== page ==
Bank of Uganda (BoU) Monetary Policy Committee (MPC) has maintained the December Central Bank Rate (CBR) at 9.5% amid uncertainties in inflation.
Addressing journalists in Kampala on Wednesday, December 6, 2023, Deputy Governor Michael Atingi-Ego said although the outlook for both inflation and economic growth is favourable, the MPC noted that inflation has bottomed out, with significant uncertainties on the horizon.
“Therefore, keeping the CBR unchanged is necessary to anchor inflation around the target in the medium term, while at the same time supporting growth in private sector investment and socio-economic transformation,” he said.
“Consequently, the MPC decided to maintain the CBR at 9.5%, the bands on the CBR at +1-2 percentage points and the margins on the CBR for rediscount and bank rates at 3 and 4 percentage points, respectively. As a result, the rediscount and bank rates will remain at 123% and 13.5%, respectively,” he added.
According to UBOS, headline inflation increased slightly in November 2023, to 2.6% from 2.4% in October 2023, while core inflation remained unchanged at 2.0%.
The Deputy Governor said the medium-term inflation forecast for December 2023 shows that the inflation outlook remains unchanged compared to the October 2023 round of forecasts.
“Inflation is projected to remain below 5% in the near term but return to the target in the medium term. Indeed, core inflation is projected to average 2.5 to 3.5 % in FY2023/24, up from 2 to 3 % in the October 2023 forecast round. The upward revision for FY 2023/24 reflects a higher path for energy prices in the short term,” he added.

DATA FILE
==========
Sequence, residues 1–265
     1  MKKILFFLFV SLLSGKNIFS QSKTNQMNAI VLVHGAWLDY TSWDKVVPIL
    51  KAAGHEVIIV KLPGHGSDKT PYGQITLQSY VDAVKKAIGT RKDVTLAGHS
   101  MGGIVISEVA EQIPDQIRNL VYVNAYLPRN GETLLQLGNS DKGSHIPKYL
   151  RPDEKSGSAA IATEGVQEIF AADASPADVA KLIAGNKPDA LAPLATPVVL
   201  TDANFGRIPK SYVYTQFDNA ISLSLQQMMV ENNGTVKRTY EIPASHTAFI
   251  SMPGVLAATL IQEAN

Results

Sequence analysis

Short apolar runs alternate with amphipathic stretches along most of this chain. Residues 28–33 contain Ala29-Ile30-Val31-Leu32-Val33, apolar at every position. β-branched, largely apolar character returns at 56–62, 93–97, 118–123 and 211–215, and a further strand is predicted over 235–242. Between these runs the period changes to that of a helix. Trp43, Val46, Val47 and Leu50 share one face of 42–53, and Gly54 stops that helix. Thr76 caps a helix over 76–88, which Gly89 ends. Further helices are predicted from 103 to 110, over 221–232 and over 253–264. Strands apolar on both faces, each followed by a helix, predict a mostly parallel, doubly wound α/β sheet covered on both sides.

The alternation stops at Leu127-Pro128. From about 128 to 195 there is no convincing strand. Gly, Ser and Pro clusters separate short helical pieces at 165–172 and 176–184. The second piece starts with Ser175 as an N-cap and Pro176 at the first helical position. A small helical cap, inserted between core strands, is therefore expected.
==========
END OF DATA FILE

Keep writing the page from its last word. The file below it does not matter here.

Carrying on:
Dr Ego also said inflation outlook is subject to elevated risks.
On the upside, he said, the current geopolitical conflicts could escalate and feed into higher international oil prices passing through to domestic pump prices and renewing supply chain disruptions. Furthermore, volatility in global financial markets could increase, triggering an increased outflow of capital and exacerbating the depreciation of the shilling. On the downside, global inflation could decline faster leading to much lower imported inflation. In addition, current rains could result in bumper harvests, pushing down further food crop prices.
However, he said although the domestic monetary conditions remain tight, the current investment activities in the oil and gas sector, higher regional demand for exports on the back of expected higher growth in most of the Sub-Saharan African countries, resilient remittances and tourism Inflows are expected to support economic growth.
“In addition, the low inflationary environment will support a recovery in household real incomes, spurring consumer spending. Indeed, the Composite Index of Economic Activity (CIEA), a high-frequency indicator of economic activity, grew strongly at an annualized rate of 6% in the three months to October 2023,” he added.
Economic growth is projected at 6% in FY 2023/24 and increase to between 6% and 7% in the medium term.
The growth outlook is, however, subject to uncertainties, including slower than expected global and regional growth; a resurgence of supply chain distortions if the geopolitical tensions escalate, tighter fiscal policy in part due to unfavourable global financial markets, which could restrict government development expenditure, tighter credit conditions constraining household consumption and private sector investments.